"... and she has the eyelids of a dragon!"
John Grey had been ignoring the monotonous prattle of his dining companion, Lady Matilda Rose, but this curious description arrested his attention. How could he find out who she was talking about without betraying the fact that he hadn't listened to a word she had said for the last ten minutes? He didn't need to concern himself because Matilda had been desperate to engage him, and continued eagerly.
"Nouveau riche, as Queen Margaret would say. Her father is only the First Baron Rivers, and how do you think he obtained that? By defeating Pedro de Vasquez of Spain at a jousting tournament. A common sporting champion! Not like my family, a long distinguished line that won its honours in real battles like Crecy and Agincourt. As for her mother, she is from Luxembourg. I don't know where that is, but they say it is pagan and full of witchcraft, and definitely foreign. I suppose that is why our queen from Anjou has favoured dragon-eyes as a Maid of Honour over us English girls."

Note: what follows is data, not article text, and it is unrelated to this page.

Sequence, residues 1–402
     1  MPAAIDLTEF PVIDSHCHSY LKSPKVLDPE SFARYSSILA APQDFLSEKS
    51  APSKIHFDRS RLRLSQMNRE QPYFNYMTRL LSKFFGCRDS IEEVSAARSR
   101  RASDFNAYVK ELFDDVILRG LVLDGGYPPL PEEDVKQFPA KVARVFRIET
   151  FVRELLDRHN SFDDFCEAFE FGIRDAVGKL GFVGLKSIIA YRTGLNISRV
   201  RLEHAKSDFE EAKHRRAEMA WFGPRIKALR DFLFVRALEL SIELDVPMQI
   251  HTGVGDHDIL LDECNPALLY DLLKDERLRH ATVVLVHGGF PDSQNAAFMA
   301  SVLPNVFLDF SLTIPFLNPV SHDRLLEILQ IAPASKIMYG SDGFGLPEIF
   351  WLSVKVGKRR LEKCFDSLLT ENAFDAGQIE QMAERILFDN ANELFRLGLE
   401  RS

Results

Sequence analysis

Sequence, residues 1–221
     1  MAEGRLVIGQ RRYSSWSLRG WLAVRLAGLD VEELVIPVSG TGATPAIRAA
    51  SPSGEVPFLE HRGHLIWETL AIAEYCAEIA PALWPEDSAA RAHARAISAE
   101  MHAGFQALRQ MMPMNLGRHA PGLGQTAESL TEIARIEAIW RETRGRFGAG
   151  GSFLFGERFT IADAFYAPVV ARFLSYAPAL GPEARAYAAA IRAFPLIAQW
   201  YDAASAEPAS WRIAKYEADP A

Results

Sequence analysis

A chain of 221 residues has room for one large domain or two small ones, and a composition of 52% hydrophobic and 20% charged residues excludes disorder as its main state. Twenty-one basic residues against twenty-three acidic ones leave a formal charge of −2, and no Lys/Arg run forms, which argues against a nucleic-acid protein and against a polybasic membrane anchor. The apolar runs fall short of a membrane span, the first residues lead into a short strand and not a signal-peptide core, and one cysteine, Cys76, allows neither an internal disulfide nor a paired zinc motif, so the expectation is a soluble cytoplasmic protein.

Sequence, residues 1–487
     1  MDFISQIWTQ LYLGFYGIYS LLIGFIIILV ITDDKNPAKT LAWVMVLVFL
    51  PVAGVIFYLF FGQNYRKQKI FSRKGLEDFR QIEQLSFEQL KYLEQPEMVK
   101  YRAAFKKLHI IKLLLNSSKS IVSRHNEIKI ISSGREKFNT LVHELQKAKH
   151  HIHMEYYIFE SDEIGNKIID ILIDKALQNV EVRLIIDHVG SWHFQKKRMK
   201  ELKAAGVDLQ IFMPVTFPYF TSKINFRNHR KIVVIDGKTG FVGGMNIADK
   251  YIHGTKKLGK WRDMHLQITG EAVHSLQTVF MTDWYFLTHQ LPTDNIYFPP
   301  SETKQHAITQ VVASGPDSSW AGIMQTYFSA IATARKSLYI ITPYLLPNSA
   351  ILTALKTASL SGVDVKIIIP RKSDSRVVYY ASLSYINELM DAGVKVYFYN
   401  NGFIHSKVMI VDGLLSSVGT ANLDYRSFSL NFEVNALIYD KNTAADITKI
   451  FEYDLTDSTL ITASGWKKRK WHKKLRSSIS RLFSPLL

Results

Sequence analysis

John Grey looked across to the section of the Royal Banquet where the Maids of Honour were seated. As he scanned their faces, he saw none that had the monstrous features described, but then his gaze alighted on one so lovely as to be unmistakeably responsible for provoking such intense jealousy in Lady Matilda Rose. He stared, transfixed. After a short while, Elizabeth Woodville looked up at him, as people who are stared at always do (no one knows why) and John looked away.
A decent interval later, John tried to sneak another look at Elizabeth, only to discover that she had chosen the same moment to sneak a look at him, so they both quickly averted their eyes. This happened several times. John felt embarrassed, and resolved not to look again. Within him, though, an emotion was welling up that overwhelmed mere embarrassment. He could not help himself, he must look again. This time, instead of looking away when their eyes met, he smiled. Elizabeth smiled back, irresistibly.
Lady Matilda Rose worked on the principle that what she lacked in charm she made up for with persistency. "I hear that your estate at Grow-by is very beautiful. I should so like to see it".
"Actually, we pronounce it Groo-by" was the only reply.